March 19, 2018

Gender diversity has ways to go in manufacturing

Photo | HBJ File
Photo | HBJ File
Jonna Gerken is president of the Society of Women Engineers.

Jonna Gerken of West Hartford is an engineering manager for Pratt & Whitney and 2018 president of the 38,000-member Society of Women Engineers, the world's largest peer organization advocating for and supporting women in the field.

One of her aims during her tenure is increasing young women's exposure to, and interest in, STEM (science, technology, engineering, math) curricula and careers.

Gerken shared her views with HBJ about the present and future of women in manufacturing and engineering.

Q: Women in manufacturing are being embraced more on the shop floor and as leaders in the executive suite — fact or fantasy?

A: Both! Although we have made big strides in representation in leadership, there is still work to be done on the shop floor. Females still need to be 'tough enough' to work on the floor, which tells me that everyone isn't being as inclusive as they could be.

Women bring a different perspective that should be embraced to make better decisions, not made to feel less than adequate if they don't possess the 'right' personality to make it day to day in the manufacturing environment.

Q: What do women bring more of to the manufacturing table as leaders than males?

A: Women bring a different perspective and typically, a more holistic view of how to solve a problem. We're (mostly) born multi-taskers and the manufacturing environment requires that skill every day. We also tend to be more thoughtful and considerate of all the stakeholders, listening to all sides and developing a solution that works for most, if not all of them.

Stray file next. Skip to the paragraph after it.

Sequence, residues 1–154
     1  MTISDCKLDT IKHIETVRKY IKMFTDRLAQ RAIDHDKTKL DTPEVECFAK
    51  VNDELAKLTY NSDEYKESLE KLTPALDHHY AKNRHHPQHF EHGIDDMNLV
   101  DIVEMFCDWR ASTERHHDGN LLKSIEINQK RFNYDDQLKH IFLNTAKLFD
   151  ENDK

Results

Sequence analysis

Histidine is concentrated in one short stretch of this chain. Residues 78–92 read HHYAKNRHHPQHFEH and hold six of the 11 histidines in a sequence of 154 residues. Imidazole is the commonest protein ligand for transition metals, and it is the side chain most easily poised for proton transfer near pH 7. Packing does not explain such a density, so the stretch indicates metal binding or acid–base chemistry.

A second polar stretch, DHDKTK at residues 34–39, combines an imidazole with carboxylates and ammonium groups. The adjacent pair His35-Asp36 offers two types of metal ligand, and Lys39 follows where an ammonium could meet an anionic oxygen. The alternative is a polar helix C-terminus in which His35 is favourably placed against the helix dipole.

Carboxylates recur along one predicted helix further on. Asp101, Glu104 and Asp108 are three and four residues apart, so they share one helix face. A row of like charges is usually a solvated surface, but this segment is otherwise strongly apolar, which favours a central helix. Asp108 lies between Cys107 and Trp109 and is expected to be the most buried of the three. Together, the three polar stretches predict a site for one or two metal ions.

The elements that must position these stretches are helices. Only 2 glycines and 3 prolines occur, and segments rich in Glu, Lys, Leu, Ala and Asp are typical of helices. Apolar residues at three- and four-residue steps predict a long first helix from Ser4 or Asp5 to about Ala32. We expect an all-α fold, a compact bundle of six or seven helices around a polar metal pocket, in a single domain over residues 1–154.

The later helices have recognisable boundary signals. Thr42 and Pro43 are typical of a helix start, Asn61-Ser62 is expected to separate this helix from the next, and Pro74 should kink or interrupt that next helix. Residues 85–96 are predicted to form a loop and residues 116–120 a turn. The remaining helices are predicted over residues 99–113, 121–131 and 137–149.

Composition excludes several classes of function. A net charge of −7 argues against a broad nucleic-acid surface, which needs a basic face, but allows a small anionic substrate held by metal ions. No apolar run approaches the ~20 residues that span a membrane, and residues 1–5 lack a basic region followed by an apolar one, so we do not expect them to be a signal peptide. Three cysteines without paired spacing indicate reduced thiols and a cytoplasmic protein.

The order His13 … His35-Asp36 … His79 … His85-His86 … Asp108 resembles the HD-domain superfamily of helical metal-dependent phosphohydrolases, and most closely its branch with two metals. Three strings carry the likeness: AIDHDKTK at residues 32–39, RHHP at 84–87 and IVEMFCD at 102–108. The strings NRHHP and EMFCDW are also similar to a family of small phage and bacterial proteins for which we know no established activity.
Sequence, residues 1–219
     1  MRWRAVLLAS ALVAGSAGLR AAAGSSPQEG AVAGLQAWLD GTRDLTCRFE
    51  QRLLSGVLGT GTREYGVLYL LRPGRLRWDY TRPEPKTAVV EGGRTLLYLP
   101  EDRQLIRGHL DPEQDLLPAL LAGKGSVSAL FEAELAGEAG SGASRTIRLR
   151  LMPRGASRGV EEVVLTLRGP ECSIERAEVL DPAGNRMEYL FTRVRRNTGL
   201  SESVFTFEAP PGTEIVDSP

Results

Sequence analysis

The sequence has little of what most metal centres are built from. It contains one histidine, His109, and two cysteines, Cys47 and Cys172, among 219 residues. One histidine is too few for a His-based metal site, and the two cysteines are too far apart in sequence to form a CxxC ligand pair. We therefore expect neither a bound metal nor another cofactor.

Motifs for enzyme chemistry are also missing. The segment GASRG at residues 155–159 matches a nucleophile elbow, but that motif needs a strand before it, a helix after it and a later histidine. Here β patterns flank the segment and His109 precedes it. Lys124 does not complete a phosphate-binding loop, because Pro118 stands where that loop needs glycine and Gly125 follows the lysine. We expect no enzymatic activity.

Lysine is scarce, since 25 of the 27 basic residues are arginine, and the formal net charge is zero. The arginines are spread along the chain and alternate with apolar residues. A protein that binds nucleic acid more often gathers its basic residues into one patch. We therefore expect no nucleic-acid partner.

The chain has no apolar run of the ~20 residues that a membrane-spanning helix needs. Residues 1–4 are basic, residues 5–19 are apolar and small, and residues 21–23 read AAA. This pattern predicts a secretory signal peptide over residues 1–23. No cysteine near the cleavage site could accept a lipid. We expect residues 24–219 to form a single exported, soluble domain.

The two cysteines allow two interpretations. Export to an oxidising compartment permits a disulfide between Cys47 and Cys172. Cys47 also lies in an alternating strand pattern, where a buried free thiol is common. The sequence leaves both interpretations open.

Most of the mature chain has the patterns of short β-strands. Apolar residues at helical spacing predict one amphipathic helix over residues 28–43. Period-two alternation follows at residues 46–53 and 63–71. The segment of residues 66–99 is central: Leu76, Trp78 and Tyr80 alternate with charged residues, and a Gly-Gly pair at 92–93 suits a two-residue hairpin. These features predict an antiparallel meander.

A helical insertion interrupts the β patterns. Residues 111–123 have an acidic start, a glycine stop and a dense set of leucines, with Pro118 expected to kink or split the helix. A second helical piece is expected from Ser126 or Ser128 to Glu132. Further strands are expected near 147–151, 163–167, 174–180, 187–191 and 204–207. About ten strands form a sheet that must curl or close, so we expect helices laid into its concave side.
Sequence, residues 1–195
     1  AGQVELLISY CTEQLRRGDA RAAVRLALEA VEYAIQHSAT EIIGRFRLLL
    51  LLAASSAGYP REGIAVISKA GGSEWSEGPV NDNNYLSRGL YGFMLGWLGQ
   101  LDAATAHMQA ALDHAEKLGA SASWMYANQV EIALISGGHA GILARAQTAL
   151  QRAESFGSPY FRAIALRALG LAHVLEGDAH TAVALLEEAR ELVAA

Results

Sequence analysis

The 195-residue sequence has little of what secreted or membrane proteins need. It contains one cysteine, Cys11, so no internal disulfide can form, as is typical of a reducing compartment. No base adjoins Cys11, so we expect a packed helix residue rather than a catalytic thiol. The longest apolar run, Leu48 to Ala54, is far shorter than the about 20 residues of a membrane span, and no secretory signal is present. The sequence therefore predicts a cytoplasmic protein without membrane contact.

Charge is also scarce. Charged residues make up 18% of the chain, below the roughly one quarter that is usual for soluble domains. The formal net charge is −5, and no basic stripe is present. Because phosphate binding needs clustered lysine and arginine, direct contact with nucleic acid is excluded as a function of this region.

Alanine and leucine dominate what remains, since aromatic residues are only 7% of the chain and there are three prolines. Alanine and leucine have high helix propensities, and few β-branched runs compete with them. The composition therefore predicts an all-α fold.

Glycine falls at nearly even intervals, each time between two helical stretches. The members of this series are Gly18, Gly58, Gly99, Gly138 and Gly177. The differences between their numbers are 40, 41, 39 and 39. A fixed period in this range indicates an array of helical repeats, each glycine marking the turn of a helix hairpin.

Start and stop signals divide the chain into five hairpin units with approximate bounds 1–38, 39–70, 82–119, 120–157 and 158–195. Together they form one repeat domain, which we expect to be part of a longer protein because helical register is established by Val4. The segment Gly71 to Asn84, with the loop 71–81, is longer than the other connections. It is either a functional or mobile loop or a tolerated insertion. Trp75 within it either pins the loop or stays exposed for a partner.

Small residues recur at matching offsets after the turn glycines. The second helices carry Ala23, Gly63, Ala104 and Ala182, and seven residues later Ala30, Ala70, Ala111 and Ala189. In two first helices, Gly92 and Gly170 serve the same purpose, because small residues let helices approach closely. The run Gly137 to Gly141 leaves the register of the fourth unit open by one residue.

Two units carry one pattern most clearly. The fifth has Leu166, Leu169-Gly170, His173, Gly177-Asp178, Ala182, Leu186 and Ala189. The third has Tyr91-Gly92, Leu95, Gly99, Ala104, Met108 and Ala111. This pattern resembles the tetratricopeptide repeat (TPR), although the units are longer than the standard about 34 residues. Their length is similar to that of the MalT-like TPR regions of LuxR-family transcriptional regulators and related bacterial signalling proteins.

Of course, this is a generality and some may say a stereotype, but it's my experience and has made the women I know successful — especially when working in teams in multiple locations and with different needs.

Q: What leadership hurdles still face women in manufacturing?

A: There is still much to do in tackling unconscious bias for women in manufacturing and all STEM fields. Company culture is typically not aligned with the values of true diversity and inclusion principles. Too much of what happens in leadership decision-making is about who you know and skills based on male-centered definitions of success.

For example, traits considered desirable in strong male leaders (quick decision-making, tough questioner, etc.) are seen as unattractive for women (bossy, pushy, etc.).

Q: Any other relevant thoughts?

A: Manufacturing is an exciting place to be for women and there are lots of opportunities. We can't effect change if we're not here to drive awareness, highlight biases, and be part of the conversation on improvements.

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